Go east: The wild side of New Zealand’s North Island
New Zealand’s North Island is packed with amazing, world-famous sights, from the Bay of Islands and the thermal pools of Rotorua, to Lake Taupo and the Tongariro Crossing. When we were planning the route for our road trip around the island it had to include all of these, but we also wanted to get away from the crowds and see something different. So we decided to head east. The East Cape is the North Island’s lesser-known corner, with unsealed roads, wild coastline, wineries and plenty of Maori culture.
The most popular route around the North Island takes you south from Rotorua towards Taupo. But instead we took Highway 30 east, past volcanic lakes and vivid green fields until we emerged out on the coast at Opotiki. This is the biggest town for a while so a good place to stock up on food (which we didn’t) and petrol (which we did) before heading off on State Highway 35 – aka the Pacific Coast Highway. Like its Californian namesake, this highway hugs the coastline past jagged cliffs and secluded bays.
There’s not much in the way of accommodation around here, but before we had to resort to sleeping in the car, we came across Maraehaeko Bay Retreat. Down a steep track off the main road, this backpackers has an idyllic beachfront location. The whole place has a barefoot, Robinson Crusoe vibe with driftwood sculptures and hammocks slung between the trees.
Owner Pihi took us under his wing, sharing his day’s catch of crayfish and tarakihi fish and stash of beers with us while everyone gathered around the campfire to watch the sun go down. In the morning he took my friend Linda out fishing or you could kayak, horse-ride or spot dolphins on a boat trip, but I stuck to collecting shells on the shore. It was such a relaxing place that we were seriously tempted to stick around, but the road was calling.
Back on the 35, we took a detour at Te Araroa onto the unsealed road right out onto the edge of the East Cape itself. The track bumped along the gravel past wide windswept beaches and out to the most easterly point of the North Island, and we didn’t see a single other car on the way. At the top of a hill here is the East Cape Lighthouse. I struggled up the 700 steps to the top in a serious headwind, pushed down almost as fast as I could climb, but the panoramic views from the top were worth the effort.
On the main road again, we passed Maori villages with their maraes – sacred areas of land with intricately carved wooden buildings used for religious and social events. This part of New Zealand was made famous in the film Whale Rider, and you can do a tour of the film’s locations and meet their Maori cultural adviser.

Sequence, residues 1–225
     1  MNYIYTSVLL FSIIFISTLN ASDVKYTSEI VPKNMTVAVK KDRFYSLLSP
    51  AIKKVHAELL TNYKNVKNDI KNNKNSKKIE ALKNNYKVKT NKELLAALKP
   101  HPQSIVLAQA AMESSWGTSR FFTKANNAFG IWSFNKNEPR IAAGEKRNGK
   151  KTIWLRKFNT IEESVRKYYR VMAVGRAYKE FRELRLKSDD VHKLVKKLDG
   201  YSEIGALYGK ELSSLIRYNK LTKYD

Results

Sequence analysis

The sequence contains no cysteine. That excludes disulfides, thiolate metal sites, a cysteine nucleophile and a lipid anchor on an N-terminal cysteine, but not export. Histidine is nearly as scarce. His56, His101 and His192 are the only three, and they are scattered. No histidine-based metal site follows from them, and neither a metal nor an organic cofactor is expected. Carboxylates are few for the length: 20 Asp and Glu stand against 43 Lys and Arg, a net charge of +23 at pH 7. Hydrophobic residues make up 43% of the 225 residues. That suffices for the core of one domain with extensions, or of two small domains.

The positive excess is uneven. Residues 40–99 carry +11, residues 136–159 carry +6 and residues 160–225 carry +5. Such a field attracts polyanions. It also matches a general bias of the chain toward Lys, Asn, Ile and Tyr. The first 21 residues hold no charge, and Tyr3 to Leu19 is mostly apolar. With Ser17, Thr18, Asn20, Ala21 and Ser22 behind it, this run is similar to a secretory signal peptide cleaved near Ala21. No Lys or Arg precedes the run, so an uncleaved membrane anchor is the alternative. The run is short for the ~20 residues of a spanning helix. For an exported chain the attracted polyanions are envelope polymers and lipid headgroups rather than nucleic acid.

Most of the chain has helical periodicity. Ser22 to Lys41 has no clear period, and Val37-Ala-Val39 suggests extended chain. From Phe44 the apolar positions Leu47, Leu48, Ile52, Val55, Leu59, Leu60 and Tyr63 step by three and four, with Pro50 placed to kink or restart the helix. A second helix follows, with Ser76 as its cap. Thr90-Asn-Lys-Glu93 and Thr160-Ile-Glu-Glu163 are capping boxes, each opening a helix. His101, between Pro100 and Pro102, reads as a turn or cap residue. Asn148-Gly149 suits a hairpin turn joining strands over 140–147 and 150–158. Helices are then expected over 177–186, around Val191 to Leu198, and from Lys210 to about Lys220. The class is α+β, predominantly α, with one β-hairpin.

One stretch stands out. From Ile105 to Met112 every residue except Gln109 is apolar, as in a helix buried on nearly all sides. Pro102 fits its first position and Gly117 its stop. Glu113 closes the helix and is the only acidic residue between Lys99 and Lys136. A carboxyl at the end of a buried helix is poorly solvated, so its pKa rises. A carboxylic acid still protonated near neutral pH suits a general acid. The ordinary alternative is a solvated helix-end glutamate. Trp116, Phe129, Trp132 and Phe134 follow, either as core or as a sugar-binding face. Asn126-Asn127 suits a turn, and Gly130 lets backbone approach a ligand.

We also passed by Tolaga Bay, on a rough coastline which was only accessible by boat for years til the locals built a 600m-long wharf, the longest in New Zealand, before driving the last 90km on to the city of Gisborne. Gisborne is apparently the sunniest spot in New Zealand, and it didn’t disappoint while we were there. The sun also is also great for grape growing, making Gisborne the country’s ‘Chardonnay capital’. There are wineries all around the city where you can do tastings, but as we didn’t have time we did our own unofficial tasting with a few glasses in the harbourside Works Café and Winery while we watched the boats come in. It also turned out to be bonfire night – weirdly celebrated in NZ as well as the UK – and bonfires were lit all along the beachfront, with their twinkling lights stretching for miles.
Heading onwards from Gisborne, we swapped the 35 for State Highway 2, which leads all the way to Wellington. Following a tip off from our previous night’s hostel, we did a quick detour onto the Mahia Peninsula. Originally an island but now connected the mainland by a sandbar, it’s surrounded by sandy coves and a turquoise sea. It’s a popular holiday spot with good surfing and diving, but outside of peak season we had the beaches almost to ourselves. The winding roads led us to Cafe Mahia for a stop-off for coffee and cake with a spectacular view across the peninsula.
And from there it was only a couple of hundred kilometres on to the end of the East Cape route – the city of Napier. Most of the city was destroyed in an earthquake in 1931 and it was rebuilt in Art Deco style. A lot of the buildings still remain and you can do walks and tours around them with the city’s Art Deco Trust. Then from Napier you can head south to Wellington or do what we did and rejoin the crowds in Taupo to the north – back on the beaten track but having had a taste of New Zealand’s wilder side.